Prevention of Scrub Typhus

Prophylactic Administration of Doxycycline in a Randomized Double Blind Trial

James G. Olson U.S. Naval Medical Research Unit Number 2, Veterans General Hospital, U.S. Naval Medical Research Unit No. 2, Jakarta Detachment, APO San Francisco 96528, Republic of China

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A. Louis Bourgeois U.S. Naval Medical Research Unit Number 2, Veterans General Hospital, U.S. Naval Medical Research Unit No. 2, Jakarta Detachment, APO San Francisco 96528, Republic of China

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Richard C. Y. Fang U.S. Naval Medical Research Unit Number 2, Veterans General Hospital, U.S. Naval Medical Research Unit No. 2, Jakarta Detachment, APO San Francisco 96528, Republic of China

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James C. Coolbaugh U.S. Naval Medical Research Unit Number 2, Veterans General Hospital, U.S. Naval Medical Research Unit No. 2, Jakarta Detachment, APO San Francisco 96528, Republic of China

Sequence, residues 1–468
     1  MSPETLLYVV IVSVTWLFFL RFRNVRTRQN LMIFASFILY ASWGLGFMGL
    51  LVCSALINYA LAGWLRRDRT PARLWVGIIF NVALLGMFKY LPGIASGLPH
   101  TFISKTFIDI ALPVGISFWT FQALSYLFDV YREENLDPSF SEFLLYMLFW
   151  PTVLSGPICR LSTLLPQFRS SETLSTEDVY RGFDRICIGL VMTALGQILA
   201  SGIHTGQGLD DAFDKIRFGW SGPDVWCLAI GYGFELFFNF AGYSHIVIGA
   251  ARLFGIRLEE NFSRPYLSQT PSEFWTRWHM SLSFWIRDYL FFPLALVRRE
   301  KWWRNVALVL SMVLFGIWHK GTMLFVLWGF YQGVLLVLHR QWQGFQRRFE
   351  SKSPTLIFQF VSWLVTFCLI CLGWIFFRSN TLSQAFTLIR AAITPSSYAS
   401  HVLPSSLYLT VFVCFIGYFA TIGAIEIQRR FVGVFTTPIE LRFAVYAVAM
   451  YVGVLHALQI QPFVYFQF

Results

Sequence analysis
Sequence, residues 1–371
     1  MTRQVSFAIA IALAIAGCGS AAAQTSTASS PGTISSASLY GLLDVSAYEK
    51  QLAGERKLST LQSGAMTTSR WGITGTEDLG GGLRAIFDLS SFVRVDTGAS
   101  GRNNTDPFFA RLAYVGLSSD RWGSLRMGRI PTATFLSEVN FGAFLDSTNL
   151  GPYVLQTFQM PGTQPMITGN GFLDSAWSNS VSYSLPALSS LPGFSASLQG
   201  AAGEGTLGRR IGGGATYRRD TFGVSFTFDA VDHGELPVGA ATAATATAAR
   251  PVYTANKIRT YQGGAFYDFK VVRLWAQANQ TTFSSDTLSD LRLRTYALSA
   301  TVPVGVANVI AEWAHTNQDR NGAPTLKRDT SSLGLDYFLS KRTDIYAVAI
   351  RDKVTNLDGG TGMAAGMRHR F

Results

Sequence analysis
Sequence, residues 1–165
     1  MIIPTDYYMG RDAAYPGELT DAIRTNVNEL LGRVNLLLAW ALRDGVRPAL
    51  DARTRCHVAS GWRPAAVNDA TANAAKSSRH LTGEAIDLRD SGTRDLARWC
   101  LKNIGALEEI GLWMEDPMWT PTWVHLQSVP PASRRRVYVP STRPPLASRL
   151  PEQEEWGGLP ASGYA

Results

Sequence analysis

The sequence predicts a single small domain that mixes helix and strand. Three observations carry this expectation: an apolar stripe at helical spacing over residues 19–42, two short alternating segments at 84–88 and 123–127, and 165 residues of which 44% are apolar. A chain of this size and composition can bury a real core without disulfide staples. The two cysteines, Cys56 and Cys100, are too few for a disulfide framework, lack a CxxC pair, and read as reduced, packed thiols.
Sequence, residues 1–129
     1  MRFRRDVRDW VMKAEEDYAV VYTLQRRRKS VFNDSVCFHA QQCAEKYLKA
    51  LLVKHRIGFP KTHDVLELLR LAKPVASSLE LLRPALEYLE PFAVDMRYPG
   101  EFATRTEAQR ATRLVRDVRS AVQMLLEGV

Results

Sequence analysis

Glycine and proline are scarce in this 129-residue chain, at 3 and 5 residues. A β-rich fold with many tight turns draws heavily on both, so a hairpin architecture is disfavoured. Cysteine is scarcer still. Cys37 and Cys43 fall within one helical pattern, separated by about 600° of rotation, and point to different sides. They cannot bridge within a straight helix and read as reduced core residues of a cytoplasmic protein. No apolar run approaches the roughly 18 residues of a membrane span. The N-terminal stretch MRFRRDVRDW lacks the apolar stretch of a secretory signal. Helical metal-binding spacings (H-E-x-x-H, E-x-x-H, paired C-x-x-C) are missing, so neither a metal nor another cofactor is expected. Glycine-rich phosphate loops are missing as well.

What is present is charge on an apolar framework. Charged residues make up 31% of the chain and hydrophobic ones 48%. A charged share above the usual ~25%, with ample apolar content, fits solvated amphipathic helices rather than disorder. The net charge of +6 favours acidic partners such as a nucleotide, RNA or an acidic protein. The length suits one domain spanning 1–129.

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David T. Dennis U.S. Naval Medical Research Unit Number 2, Veterans General Hospital, U.S. Naval Medical Research Unit No. 2, Jakarta Detachment, APO San Francisco 96528, Republic of China

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We conducted a prospective randomized double blind study on the effects of doxycycline as a prophylactic antibiotic against scrub typhus. A total of 1,125 military subjects was followed for periods as long as 5 months of exposure in a hyperendemic focus in the Pescadores Islands of Taiwan. Oral 200 mg doses of doxycycline (Vibramycin®) or placebo were given once each week throughout the trial. The incidence rate of scrub typhus in the placebo group was 2.5 times greater than that of the group taking doxycycline (P = 0.11). When subjects who failed to comply with scheduled administration of doxycycline were removed from the analysis, the incidence rate of scrub typhus in the control group was five times greater than that in the drug group (P = 0.04). The rates of infection with Rickettsia tsutsugamushi and of sick call reports were the same in experimental and control groups. The drug was well tolerated in pretrial tests and complaints were negligible during the conduct of the trial. Doxycycline appears to be an excellent antibiotic for the prevention of scrub typhus among personnel exposed to high risk of infection with R. tsutsugamushi.

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